Teachers and the school district could reach a contract agreement as early as the middle of next week, predicts the state mediator working with the Berkeley Federation of Teachers and the Berkeley Unified School District. “Over the course of the last two meetings, the parties have moved significantly closer to agreement,” mediator Ron McGee said in a statement released late Wednesday night. “I am cautiously optimistic that the parties will be able to reach agreement at the next scheduled mediation session on May 24, 2000. Therefore, I am extending the total press and information blackout for one week.”
The two sides met for more than 14 hours Wednesday, and two school board members even broke away from part of their regularly scheduled meeting in the evening to participate in the continuing discussions.
It’s not publicly known what each side is offering. A document released by the district at a public budget workshop last week indicated that a salary increase of $665,000 for the current fiscal year was figured into the budget projections. But it wasn’t clear how old that offer was or what had been presented by the teachers union.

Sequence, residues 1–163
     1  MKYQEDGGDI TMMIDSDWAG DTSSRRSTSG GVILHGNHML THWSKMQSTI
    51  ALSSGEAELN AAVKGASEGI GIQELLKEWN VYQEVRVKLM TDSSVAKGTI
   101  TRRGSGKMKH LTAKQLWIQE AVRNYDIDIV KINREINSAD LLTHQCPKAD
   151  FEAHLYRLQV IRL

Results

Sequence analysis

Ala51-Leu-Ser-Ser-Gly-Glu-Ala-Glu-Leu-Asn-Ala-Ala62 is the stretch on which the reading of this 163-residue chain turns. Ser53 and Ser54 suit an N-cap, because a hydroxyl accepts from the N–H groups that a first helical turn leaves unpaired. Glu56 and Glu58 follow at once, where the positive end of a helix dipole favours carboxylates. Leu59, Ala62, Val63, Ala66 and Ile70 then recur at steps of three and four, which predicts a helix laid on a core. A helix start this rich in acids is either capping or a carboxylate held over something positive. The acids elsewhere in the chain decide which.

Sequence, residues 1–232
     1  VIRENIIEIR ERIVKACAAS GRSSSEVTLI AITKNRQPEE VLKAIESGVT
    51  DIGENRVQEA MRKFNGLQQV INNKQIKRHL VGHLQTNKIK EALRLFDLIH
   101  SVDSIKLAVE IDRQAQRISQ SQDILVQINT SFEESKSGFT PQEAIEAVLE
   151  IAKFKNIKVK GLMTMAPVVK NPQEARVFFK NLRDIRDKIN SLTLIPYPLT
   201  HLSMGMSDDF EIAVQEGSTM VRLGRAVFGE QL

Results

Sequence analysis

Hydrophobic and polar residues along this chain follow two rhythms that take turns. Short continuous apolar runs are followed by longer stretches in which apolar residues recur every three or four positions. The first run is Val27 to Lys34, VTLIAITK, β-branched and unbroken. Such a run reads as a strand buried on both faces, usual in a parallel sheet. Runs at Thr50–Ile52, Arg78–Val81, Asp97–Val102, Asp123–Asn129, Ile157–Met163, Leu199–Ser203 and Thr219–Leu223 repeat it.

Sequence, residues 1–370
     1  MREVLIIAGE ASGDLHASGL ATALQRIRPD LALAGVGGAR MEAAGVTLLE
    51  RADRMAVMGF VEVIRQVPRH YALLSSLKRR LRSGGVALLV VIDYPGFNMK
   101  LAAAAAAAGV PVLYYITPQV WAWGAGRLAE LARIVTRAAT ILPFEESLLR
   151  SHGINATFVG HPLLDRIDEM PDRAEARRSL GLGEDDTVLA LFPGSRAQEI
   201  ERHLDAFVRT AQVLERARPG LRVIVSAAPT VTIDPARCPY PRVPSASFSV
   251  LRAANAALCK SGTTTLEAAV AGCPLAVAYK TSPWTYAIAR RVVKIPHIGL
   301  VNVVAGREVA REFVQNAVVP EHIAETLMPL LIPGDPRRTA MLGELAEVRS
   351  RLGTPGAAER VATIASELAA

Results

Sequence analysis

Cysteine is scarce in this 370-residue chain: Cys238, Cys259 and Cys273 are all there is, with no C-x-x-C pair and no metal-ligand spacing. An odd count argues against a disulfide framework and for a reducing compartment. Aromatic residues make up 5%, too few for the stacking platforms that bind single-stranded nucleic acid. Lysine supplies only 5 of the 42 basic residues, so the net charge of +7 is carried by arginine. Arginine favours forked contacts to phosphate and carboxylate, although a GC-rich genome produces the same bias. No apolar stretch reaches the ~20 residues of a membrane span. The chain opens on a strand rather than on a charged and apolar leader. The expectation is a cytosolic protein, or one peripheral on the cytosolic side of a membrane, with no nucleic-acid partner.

The document also indicated that $1.9 million was being targeted for salary increases in the 2000-2001 fiscal year, which begins July 1. Those increases presumably would cover all unions, not just the BFT.
The first interim budget for the 1999-2000 fiscal year reported teachers’ salaries as being a total of $22.1 million, so the $665,000 increase would be a 3 percent increase.
McGee’s announcement will extend the “blackout” on information, which has been followed rather well by both sides. Wednesday night, no one showed up to speak about the contract issue, a sharp contrast from the two previous regular board meetings, which featured scores of parents and teachers protesting.
The union and the district reached an impasse in March over the contract negotiations. Teachers currently have a contract that continues through 2001, but the deal allows such issues as compensation to be reopened each year. The current “reopener” began more than a year ago.